NEW YORK (CBSNewYork/AP) – President Barack Obama told the American people Thursday night that the time to change the nation’s immigration system is now, and he’s taking action to make that happen.

As CBS2’s Tracee Carrasco reported, Obama is side-stepping Congress and using his executive power to make the changes.

In a nationally-broadcast address from the White House, Obama said it doesn’t make sense to round up and deport millions of people living in the country illegally. He said his plan will let them come out of the shadows, but it’s not anything close to amnesty.

Web Extra: Watch President Obama Lay Out His Immigration Reform Plan

The president announced that those who have been in America for more than five years or have children who are American citizens or legal residents and register, pass a criminal background check, and are willing to pay taxes will be able to apply to stay in this country temporarily, without fear of deportation.

Obama’s plan will shield from deportation nearly 5 million immigrants now in the U.S. illegally – including the parents of children born in the U.S., and those who have been in the country for more than five years.

However, the plan would leave the fate of millions more unresolved. With more than 11 million immigrants living in the country illegally, Obama’s actions would not offer specific protections to more than half.

The plan will also grant work permits, and extend the DREAM Act program for immigrants brought to the U.S. illegally as children.

“If you register, pass a criminal background check, and you’re willing to pay your fair share of taxes – you’ll be able to apply to stay in this country temporarily without fear of deportation,” Obama said.

Obama says that although there was a brief spike in unaccompanied children coming across the border over the summer, overall the number of people trying to cross the border illegally is at its lowest level since the 1970s.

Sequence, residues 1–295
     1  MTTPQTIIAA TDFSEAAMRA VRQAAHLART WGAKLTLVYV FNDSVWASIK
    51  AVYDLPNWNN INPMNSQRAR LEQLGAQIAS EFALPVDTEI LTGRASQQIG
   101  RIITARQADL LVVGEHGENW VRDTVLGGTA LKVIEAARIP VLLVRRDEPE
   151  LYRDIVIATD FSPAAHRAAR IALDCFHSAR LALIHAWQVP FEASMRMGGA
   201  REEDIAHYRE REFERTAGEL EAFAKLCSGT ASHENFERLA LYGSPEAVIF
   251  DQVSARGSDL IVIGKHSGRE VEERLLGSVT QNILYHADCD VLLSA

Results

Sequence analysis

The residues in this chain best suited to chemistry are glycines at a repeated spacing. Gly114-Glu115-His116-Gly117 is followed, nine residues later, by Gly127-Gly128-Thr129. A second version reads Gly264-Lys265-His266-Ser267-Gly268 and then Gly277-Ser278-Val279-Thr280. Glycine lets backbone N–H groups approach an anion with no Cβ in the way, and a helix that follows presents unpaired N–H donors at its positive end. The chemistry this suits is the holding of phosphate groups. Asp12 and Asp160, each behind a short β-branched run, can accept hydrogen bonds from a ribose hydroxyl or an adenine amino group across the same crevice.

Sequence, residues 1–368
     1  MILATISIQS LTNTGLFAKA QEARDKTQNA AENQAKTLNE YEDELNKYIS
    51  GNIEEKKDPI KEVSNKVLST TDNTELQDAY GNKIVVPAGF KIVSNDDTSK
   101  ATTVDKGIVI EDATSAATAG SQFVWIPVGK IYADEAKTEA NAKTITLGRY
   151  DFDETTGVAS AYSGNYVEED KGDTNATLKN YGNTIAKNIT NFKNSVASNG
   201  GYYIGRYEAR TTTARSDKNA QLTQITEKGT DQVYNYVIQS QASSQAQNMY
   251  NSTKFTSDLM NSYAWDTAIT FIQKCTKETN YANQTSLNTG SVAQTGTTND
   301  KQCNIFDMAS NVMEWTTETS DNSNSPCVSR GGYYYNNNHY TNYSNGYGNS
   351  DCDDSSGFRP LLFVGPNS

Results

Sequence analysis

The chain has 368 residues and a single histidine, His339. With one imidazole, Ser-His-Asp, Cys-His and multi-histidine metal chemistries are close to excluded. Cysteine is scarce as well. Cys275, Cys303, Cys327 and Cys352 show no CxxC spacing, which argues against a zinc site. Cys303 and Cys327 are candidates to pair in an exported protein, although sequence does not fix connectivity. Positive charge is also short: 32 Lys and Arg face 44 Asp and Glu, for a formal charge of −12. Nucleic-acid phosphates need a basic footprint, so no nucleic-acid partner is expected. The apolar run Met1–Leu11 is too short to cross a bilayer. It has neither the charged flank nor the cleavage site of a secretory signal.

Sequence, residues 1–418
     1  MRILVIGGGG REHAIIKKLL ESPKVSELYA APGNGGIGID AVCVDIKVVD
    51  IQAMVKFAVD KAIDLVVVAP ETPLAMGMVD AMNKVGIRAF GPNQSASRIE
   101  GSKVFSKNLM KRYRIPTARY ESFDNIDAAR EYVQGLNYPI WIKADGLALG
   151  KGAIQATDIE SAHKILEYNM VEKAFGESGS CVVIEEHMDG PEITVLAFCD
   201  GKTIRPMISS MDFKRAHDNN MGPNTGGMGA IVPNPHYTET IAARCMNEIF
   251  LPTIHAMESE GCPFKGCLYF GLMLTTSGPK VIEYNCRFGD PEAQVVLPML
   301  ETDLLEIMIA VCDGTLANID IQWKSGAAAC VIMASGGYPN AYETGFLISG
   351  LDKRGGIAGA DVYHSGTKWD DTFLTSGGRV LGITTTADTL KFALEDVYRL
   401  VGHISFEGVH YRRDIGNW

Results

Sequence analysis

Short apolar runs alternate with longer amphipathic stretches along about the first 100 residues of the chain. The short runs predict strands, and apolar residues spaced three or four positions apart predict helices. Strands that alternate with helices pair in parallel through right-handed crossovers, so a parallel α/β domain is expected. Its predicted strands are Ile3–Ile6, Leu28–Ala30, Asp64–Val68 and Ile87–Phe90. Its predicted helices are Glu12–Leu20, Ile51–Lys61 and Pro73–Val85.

“That’s the real amnesty – leaving this broken system the way it is. Mass amnesty would be unfair. Mass deportation would be both impossible and contrary to our character. What I’m describing is accountability – a commonsense, middle ground approach,” he said.

Obama added: “The actions I’m taking are not only lawful, they’re the kinds of actions taken by every single Republican president and every Democratic president for the past half-century. And to those members of Congress who question my authority to make our immigration system work better, or question the wisdom of me acting where Congress has failed, I have one answer: Pass a bill.”

At a viewing party in Chelsea, many cheered optimistically after Obama’s remarks. Among them was undocumented immigrant Jung Rae Jung, who came to America in 2005 from South Korea.

“We believe that it will give hope to the people who is in fear of deportation and people who wish to contribute to society,” Jung said.

Carlos Rojas’ father is undocumented and worried he might get picked up.

“It’s living every day with that fear,” he told WCBS 880’s Jim Smith.

But after organizing a President Obama watch party for parishioners at Sacred Heart Church in New Brunswick and hearing the president’s plan, he thinks his father might qualify.

Rojas said he’s excited immigration reform is finally happening, but still wants to see the fine print and how much it will cost.

“My girls were born here so they don’t want to go live in Mexico,” another woman at the watch party told WCBS 880.

For seven years, Daisy Ramirez has been in the U.S. after immigrating from Guatemala.

“She has an 11-year-old child. She came through the border four months ago so she’s hoping President Obama will give relief to all the children,” a translator said Thursday afternoon, speaking on Ramirez’s behalf.

“For her, the most important is her children,” the translator told WCBS 880’s Levon Putney.

Ramirez said she’s hopeful Obama can take action to keep her and her family together after seven years apart.

“And that’s what we should want in America right? Families not to be separated,” Jackie Zapata said, with Morristown-based advocate group Wind of the Sprit.